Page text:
Competition Commission investigation launched after retailers complain about Bok replica jerseys

Want to get into the spirit of the Rugby World Cup 2023 and need a fresh replica jersey? You might struggle to find an authentic Nike Springbok Rugby replica jersey because they are only available in limited quantities at a tiny selection of outlets.

Due to rights issues, only a small number of retailers are allowed to stock them and, in South Africa, that means the SA Rugby Shop, Total Sports, Studio 88 and Sportsmans Warehouse. 

Nike – the sole manufacturer and distributor of the official Springbok Rugby jersey – permits only selected outlets to stock the rugby replica goods. 

The Competition Commission has now launched an investigation into the global sportswear giant after independent retailers complained about Nike’s refusal to allow them to sell official Springbok Rugby replica jerseys.

The independent sportswear suppliers have not been named – apparently out of fear of victimisation – reported SABC Sport

They have accused Nike of violating the Competition Act by agreeing to exclusive distribution of the shirts with only certain retailers – a restrictive arrangement its predecessor, Asics, did not have during its partnership with SA Rugby. 

The commission’s Siya Makunga confirmed that they had launched an investigation, but could not comment further. The new complaint was lodged on 5 September.

Protecting the brand

Meanwhile, the South African Rugby Union (SARU) has moved to protect the Springbok brand. On 15 September, it secured an interim court order restraining Eskort’s “Springbox” marketing campaign.

SARU has also closed online retailers of counterfeit apparel, who have tried to cash in on Rugby World Cup fever.

Rian Oberholzer, CEO of SA Rugby, warned: “We will do what we have to do to protect our rights and those of our highly valued partners, who are being shamelessly ambushed right now.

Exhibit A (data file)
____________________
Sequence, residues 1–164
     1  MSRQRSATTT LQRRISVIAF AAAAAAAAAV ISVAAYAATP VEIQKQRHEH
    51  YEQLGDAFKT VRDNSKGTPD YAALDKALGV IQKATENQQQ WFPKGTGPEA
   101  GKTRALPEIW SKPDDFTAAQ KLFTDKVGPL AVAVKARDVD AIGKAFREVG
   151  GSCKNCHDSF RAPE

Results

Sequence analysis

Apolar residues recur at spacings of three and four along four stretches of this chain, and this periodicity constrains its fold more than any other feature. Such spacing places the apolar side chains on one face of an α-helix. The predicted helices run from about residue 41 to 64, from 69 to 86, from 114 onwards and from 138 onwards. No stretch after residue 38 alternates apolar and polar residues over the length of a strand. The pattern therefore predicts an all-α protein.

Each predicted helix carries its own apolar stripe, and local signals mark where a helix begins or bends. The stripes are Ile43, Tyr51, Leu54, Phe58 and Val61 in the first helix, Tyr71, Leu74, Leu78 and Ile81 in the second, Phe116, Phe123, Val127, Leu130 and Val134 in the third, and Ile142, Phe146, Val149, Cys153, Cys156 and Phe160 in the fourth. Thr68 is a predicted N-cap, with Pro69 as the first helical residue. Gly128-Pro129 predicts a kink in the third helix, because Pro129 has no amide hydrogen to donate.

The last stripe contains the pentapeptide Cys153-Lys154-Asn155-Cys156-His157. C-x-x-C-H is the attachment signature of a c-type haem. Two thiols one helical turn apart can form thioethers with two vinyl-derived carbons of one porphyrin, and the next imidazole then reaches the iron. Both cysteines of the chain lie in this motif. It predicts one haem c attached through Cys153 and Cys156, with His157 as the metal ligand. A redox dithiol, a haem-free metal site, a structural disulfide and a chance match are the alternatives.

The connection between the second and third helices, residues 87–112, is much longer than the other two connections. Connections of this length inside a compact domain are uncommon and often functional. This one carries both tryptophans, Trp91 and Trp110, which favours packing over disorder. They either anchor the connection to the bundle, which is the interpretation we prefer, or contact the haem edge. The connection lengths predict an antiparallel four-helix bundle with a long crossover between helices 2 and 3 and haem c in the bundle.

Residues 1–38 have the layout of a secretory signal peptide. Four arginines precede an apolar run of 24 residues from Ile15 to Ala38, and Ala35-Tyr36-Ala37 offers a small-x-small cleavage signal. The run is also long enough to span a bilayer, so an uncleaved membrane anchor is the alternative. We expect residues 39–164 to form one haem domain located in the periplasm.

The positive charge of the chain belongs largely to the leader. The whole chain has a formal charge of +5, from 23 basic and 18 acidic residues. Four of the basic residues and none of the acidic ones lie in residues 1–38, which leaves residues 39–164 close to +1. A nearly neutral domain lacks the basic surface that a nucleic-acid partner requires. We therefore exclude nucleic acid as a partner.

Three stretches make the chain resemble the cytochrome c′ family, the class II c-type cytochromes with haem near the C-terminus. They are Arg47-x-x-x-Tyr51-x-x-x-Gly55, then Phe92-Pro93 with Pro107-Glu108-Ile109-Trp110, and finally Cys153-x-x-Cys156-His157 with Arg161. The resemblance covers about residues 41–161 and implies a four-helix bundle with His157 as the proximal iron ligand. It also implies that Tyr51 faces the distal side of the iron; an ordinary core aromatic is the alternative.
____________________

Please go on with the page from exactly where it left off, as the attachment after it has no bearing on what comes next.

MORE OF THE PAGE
“We cannot allow companies to flagrantly leverage their brand off the back of the Springboks brand when our real supporters in corporate South Africa – who enable us to put the Springbok rugby team on the field – are paying for the rights to use our IP.”

The new deal

Last year, after SA Rugby’s contract with Asics expired, the team announced it had signed a six-year contract with the American brand to supply the Boks playing kit and other apparel, including the “Nike hyper jade” away jersey.

The deal, which includes the 2023 and 2027 Rugby World Cups, will see the Nike “Swoosh” reappear on the Springbok jersey. Nike was the team’s apparel partner once before, between 1996 and 2003.

At the time, Jurie Roux, the CEO of SA Rugby, said: “We enjoyed a great relationship with Asics and really appreciate the contribution that the company made over the past eight years.

“It’s always sad to see a valued partner depart but we understand that business strategies shift over time and we wish Asics well in its continued journey in South Africa.”

The Nike-branded official Bok jerseys were revealed in July 2023. 

Independent retailer Dirk Klopper of Kloppers Sport – who is not involved in the latest complaint to the commission – lodged a complaint in 2019 after Nike sent independent stores like his a letter informing them that it would be closing their accounts because they didn’t fit the profile.